Streptococcus pneumoniae is one of the most important human pathogens. It consistently ranks among those bacteria with the highest mortality rates and highest number of resistance-associated deaths. New and effective ways to combat S. pneumoniae infections are therefore needed.
We want to contribute to the search for new antibacterial therapies by first building a better understanding of how S. pneumoniae grows and divides. More specifically, we study how S. pneumoniae regulates different cell cycle processes - such as DNA replication, chromosome segregation and cell division - and how these different processes are coordinated to each other. Like most bacteria, S. pneumoniae can thrive in a variety of different growth conditions and is able to survive hostile environments such as those encountered during in vivo infections. Our research is therefore not limited to standard laboratory growth conditions but aims to study cell cycle regulation upon a variety of different clinically-relevant perturbations.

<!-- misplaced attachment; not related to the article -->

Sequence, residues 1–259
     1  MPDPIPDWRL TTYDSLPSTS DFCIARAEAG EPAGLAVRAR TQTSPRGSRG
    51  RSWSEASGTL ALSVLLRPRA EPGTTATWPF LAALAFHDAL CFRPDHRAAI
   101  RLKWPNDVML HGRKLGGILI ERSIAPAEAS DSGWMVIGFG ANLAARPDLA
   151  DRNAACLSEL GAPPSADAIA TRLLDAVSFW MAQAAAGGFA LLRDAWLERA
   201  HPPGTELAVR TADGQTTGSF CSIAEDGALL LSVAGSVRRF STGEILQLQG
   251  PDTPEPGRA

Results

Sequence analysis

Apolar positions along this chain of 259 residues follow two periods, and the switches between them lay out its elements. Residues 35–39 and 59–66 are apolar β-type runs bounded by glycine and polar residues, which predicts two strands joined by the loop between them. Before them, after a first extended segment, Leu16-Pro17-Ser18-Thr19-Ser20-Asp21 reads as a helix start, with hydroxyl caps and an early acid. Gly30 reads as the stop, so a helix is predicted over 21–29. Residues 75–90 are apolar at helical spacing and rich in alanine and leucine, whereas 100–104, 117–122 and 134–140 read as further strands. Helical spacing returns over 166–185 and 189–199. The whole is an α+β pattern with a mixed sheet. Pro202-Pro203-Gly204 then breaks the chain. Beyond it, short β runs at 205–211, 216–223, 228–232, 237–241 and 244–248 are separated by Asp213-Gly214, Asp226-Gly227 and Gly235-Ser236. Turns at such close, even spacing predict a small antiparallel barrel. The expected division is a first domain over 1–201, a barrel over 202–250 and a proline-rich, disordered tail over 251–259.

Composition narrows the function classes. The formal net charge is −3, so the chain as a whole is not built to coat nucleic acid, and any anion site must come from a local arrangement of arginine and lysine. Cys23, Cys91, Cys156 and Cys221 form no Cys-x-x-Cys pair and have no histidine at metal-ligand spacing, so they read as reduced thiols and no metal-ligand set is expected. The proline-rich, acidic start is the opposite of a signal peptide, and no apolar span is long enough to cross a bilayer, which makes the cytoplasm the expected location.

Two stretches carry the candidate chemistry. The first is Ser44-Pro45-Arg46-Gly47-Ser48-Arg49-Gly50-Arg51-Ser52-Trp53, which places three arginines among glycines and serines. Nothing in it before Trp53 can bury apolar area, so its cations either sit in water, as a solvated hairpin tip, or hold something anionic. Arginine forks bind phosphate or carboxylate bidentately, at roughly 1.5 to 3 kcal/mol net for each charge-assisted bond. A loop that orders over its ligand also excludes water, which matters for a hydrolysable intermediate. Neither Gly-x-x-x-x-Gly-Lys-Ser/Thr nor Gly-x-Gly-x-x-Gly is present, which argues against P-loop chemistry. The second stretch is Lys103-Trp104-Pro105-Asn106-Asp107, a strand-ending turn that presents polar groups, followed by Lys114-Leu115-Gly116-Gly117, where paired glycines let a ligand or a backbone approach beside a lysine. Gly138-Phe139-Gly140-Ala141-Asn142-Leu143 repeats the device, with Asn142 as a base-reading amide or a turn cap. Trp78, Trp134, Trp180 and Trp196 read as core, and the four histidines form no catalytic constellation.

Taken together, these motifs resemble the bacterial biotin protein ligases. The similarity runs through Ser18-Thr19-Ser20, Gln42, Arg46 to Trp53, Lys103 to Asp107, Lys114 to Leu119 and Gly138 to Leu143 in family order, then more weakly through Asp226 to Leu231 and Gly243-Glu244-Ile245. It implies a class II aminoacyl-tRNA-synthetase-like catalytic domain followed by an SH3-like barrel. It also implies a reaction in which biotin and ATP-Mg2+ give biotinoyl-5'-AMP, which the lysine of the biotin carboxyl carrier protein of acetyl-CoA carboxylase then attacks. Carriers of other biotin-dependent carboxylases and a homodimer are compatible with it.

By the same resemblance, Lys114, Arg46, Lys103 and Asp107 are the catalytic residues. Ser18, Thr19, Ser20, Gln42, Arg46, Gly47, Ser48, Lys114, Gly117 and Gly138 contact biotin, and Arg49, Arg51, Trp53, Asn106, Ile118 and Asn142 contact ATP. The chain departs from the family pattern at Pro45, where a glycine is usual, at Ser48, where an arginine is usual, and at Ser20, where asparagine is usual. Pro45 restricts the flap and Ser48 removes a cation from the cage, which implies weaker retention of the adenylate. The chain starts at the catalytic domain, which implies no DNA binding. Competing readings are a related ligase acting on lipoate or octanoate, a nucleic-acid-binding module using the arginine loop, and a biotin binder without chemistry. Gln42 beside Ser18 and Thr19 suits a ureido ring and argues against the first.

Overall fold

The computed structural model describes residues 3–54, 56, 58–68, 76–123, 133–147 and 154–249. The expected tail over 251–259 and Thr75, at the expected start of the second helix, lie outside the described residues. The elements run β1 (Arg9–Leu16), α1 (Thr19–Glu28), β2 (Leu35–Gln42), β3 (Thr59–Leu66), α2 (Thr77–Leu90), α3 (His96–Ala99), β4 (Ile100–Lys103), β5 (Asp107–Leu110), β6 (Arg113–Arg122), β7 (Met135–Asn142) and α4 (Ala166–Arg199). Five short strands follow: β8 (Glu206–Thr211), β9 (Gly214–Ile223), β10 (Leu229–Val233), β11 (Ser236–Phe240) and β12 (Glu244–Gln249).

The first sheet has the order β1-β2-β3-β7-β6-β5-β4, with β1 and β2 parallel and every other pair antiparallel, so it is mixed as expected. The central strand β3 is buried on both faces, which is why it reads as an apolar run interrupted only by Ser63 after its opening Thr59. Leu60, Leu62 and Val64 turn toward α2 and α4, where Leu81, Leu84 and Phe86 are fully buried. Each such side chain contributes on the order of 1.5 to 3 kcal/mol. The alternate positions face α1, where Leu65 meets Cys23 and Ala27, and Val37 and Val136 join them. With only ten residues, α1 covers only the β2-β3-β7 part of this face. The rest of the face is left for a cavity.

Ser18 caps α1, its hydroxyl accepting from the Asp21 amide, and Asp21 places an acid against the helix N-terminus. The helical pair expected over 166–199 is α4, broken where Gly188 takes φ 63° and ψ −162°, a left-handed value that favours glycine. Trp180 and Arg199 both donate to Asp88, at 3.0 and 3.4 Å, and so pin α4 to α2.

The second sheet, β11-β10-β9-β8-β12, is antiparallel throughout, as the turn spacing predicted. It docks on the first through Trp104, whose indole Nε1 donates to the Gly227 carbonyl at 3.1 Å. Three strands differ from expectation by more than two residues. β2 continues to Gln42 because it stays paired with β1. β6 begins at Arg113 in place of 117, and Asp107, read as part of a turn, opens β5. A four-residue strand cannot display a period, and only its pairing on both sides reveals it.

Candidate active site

We use a combination of genetic approaches, molecular cell biology and biochemistry to elucidate molecular mechanisms of S. pneumoniae cell cycle regulation. The obtained insights can point towards previously unexplored bacterial vulnerabilities. Our research may thereby reveal novel ways to block growth of this major human pathogen. This way, we hope that our work will contribute to the development of novel antibacterial therapies.